I add 8 pounds over that recommendation weight but do not go over the max for the tire.. (That way if I add some weight to the coach it is no big deal). It is worse to be under inflated.

Measure and fill tires when cold. In the morning after sitting all night. Be sure tires are not in the sun. Even the morning sun can change the air pressure reading.
Keep the tire pressure the same across the axle.
Use a quality professional tire pressure gauge.

Good luck.
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Old 07-19-2021, 06:34 PM   #7
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Quote:
Originally Posted by wolfe10 View Post
NO. 24,000 per axle for motorhomes




Change in Law for Motor Home Axle Weight on National Network Highways

Effective October 1, 2012

In 2011, Congress passed the Moving Ahead towards Progress in the 21st Century Act (MAP-21; Public Law 112-141), which re-authorized U.S. transportation programs, including those for highway and bridge building, maintenance and improvement. As part of that bill, the Recreation Vehicle Industry Association (RVIA), with the help of the Indiana Congressional delegation, was successful in obtaining an exception to the federal law that limits vehicle weight on roads and bridges (the “bridge formula.”) The amendment provides an exception, which is the same as the bus industry has had for several years, that permits motorhomes to carry up to 24,000 lbs. on a single axle (previously limited to 20,000 lbs.).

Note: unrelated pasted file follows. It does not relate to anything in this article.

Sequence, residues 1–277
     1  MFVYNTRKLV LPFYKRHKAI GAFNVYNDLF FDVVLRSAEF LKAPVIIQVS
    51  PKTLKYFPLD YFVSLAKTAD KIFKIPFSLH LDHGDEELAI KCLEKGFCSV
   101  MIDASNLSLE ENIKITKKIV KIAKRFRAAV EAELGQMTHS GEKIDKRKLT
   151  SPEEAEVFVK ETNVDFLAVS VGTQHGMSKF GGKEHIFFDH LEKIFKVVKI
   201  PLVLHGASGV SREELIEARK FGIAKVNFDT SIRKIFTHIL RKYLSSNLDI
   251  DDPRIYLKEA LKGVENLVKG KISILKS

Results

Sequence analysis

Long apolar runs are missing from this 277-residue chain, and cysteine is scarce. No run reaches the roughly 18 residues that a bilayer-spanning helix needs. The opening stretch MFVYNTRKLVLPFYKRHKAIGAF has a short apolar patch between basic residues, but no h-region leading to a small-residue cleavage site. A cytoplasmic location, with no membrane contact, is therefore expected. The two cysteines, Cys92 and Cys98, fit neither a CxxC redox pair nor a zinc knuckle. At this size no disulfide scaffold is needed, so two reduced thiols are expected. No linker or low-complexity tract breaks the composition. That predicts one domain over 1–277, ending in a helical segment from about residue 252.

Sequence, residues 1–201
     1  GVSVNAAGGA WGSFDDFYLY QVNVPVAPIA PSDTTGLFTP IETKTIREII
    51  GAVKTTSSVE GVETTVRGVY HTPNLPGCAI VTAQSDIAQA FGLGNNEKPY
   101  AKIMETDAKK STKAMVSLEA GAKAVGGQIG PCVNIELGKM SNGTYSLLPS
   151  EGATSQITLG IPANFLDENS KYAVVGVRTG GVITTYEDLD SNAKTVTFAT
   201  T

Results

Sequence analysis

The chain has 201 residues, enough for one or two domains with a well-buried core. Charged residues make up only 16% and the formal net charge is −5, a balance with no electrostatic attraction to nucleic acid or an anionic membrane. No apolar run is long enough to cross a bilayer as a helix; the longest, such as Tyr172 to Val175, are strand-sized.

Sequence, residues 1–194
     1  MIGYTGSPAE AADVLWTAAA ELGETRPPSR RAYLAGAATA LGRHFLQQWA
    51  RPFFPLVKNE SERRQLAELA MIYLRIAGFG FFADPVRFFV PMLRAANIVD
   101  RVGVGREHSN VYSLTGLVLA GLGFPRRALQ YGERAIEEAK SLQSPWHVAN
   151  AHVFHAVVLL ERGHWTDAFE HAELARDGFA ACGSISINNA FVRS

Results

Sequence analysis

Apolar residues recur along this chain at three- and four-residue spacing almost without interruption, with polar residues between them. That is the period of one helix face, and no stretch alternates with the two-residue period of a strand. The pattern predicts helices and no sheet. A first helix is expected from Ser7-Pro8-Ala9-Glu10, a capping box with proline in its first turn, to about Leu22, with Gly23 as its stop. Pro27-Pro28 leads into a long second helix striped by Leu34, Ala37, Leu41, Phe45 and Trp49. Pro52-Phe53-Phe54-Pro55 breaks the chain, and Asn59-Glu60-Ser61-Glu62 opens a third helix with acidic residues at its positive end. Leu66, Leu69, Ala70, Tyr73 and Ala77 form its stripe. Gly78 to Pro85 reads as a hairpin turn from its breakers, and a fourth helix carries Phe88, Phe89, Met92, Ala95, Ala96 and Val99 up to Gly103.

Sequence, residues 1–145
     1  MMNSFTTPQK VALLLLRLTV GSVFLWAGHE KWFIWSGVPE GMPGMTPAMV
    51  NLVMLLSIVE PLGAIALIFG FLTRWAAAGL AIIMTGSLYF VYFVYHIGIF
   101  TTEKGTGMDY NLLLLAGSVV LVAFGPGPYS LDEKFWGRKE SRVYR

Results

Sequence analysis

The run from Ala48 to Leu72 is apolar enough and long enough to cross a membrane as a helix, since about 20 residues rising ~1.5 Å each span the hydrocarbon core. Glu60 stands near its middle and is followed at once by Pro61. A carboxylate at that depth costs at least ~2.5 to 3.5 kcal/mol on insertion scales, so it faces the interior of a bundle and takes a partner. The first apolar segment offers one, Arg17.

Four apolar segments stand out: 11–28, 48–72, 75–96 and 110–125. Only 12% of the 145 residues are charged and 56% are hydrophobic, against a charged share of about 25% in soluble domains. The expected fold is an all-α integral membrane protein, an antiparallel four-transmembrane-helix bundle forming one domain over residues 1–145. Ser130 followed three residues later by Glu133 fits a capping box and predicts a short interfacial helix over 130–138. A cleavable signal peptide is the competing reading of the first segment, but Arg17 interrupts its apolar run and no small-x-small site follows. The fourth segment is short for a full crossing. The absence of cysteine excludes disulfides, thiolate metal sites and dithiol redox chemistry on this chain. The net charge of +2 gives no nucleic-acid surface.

Thanks Brett for the correction,